Nearly 2.9 Million Americans Have Now Been Out of Work for a Year or More

by Maurie Backman | Published on July 11, 2021

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Though new jobless claims have been coming in at lower levels, a lot of people are still out of work on a long-term basis.

When the coronavirus outbreak first hit U.S. soil, the economy took an instant beating. Millions of jobs were shed within weeks, and in April of 2020, the national unemployment rate reached a record high.

Things have improved since then, thankfully. In fact, early on in the pandemic, it wasn't uncommon to see new weekly jobless claims in the millions. For the past couple of months, weekly claims have reached the upper 300,000s or low 400,000s. And yes, those are still some pretty large numbers, but an improvement from the spring of 2020, nonetheless.

But when we think about how the economy's recovery is going, it's not just weekly claims we need to pay attention to. It's also important to look at ongoing claims -- meaning, those who aren't new to unemployment, but rather, have been on it for quite some time.

In fact, it's now estimated that nearly 2.9 million Americans have been out of a job for a full year or more, as per the Bureau of Labor Statistics. That figure accounts for 29% of all unemployed workers last month, and it's a clear indication that while the economy is in a much better place, many individuals are still struggling.

Will more aid become available?

The number of Americans who have been out of work for 52 weeks or more actually rose by 248,000 in June. That's coming at a time when many jobless workers have lost the $300 weekly boost they were formerly getting in their unemployment benefits.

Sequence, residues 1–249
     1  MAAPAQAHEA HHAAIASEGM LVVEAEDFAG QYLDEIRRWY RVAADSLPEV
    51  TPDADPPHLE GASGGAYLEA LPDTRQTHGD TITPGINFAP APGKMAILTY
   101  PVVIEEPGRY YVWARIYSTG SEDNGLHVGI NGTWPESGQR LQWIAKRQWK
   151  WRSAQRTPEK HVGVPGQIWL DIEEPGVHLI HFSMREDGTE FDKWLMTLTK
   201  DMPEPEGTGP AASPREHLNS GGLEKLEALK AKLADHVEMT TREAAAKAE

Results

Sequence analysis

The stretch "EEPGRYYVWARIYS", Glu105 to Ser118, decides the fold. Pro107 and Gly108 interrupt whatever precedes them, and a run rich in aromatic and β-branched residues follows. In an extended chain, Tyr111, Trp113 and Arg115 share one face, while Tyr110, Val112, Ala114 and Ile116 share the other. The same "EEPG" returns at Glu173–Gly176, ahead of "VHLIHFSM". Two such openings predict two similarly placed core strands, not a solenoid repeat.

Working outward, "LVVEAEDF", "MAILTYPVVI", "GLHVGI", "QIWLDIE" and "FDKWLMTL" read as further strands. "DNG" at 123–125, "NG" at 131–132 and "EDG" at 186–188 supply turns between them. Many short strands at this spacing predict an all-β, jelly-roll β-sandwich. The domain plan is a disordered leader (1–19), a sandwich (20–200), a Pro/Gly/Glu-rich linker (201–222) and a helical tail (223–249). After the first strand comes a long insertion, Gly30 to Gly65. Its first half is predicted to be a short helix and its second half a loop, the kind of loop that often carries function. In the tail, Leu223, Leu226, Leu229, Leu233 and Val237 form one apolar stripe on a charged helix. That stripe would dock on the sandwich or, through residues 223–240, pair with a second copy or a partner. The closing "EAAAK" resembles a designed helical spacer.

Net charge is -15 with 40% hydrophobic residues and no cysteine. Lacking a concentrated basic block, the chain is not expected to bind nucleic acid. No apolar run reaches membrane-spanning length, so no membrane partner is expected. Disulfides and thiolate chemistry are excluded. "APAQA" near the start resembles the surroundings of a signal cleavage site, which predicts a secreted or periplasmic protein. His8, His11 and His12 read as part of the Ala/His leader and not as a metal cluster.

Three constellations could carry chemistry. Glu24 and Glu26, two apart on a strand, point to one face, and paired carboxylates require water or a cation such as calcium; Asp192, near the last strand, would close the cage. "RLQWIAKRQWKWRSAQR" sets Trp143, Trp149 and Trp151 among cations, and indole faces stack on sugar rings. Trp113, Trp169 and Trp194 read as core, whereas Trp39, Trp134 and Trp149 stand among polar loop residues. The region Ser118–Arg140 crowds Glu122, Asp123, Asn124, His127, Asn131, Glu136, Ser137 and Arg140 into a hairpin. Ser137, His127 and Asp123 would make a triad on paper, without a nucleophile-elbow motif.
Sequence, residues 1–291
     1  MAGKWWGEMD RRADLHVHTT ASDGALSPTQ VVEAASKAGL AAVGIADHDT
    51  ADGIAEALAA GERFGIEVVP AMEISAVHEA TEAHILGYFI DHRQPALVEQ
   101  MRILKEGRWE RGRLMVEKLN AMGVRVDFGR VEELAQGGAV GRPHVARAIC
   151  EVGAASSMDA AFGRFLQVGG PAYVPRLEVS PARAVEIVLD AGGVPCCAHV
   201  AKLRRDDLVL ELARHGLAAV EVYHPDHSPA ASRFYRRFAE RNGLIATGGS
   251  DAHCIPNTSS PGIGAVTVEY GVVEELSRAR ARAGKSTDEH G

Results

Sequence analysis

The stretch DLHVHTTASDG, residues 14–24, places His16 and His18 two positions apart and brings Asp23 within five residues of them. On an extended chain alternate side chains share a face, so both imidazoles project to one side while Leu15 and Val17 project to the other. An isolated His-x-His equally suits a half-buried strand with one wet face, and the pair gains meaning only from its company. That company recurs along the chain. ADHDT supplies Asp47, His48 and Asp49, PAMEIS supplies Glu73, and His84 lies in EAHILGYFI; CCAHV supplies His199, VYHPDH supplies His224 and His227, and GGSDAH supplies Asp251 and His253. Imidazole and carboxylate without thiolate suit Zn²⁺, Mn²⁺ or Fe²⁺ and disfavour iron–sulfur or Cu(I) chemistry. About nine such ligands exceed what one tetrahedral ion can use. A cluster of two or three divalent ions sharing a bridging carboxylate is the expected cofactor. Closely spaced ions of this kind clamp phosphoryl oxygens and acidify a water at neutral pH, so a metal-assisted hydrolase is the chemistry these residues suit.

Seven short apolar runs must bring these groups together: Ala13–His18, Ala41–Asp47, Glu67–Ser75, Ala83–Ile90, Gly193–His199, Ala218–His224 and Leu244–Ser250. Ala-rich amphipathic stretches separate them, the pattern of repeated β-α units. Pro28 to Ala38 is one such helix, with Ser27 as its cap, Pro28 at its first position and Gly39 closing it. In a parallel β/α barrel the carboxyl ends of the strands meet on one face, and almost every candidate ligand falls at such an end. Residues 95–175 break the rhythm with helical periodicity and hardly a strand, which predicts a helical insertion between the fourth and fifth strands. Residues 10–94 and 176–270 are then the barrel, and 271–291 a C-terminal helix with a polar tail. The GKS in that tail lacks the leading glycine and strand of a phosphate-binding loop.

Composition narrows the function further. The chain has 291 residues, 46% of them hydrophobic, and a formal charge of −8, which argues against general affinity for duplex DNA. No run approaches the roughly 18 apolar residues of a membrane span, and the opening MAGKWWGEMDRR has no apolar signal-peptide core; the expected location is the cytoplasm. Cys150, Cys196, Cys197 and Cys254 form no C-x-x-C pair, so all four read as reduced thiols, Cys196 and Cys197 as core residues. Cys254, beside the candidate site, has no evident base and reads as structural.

Back in March, when the economy was in worse shape, the American Rescue Plan was signed into law, and it allowed for a $300 weekly boost to unemployment through the beginning of September. More recently, 26 states made the decision to pull that boost ahead of schedule, citing local labor shortages and concerns that boosted benefits were keeping too many people from going out and seeking work.

With that $300 boost in place, minimum wage earners did, indeed, have the potential to earn more on unemployment than at an actual job. But boosted benefits aren't the only thing that's been keeping people out of the labor force. For many, a lack of childcare has been an issue. And let's not forget that with mask mandates no longer in place, some people can't or won't return to a job due to health concerns.

Either way, the fact that close to 2.9 million people haven't held down a job for at least a year is troubling -- especially because the longer a given worker's resume gap, the more difficult it might be to get back into the labor force. Plus, workers who have been jobless for a year or more may have long ago exhausted their savings, and now, with that $300 weekly unemployment boost no longer in place, they may be struggling financially.

Of course, in 24 states, that $300 weekly boost does still exist, but at this point, it's set to run out in under two months. And the chances of it getting extended aren't strong. Similarly, while many people may be holding out for a fourth stimulus check, it's unlikely that we'll see another round of payments hit Americans' bank accounts.

Thankfully, the U.S. economy is doing better than it was earlier on in the pandemic. And now, lawmakers need to put their heads together and come up with some way to help the long-term unemployed. Though it's unlikely that another massive relief bill akin to the American Rescue Plan will get passed, some targeted aid could be made available to those who truly need it the most.

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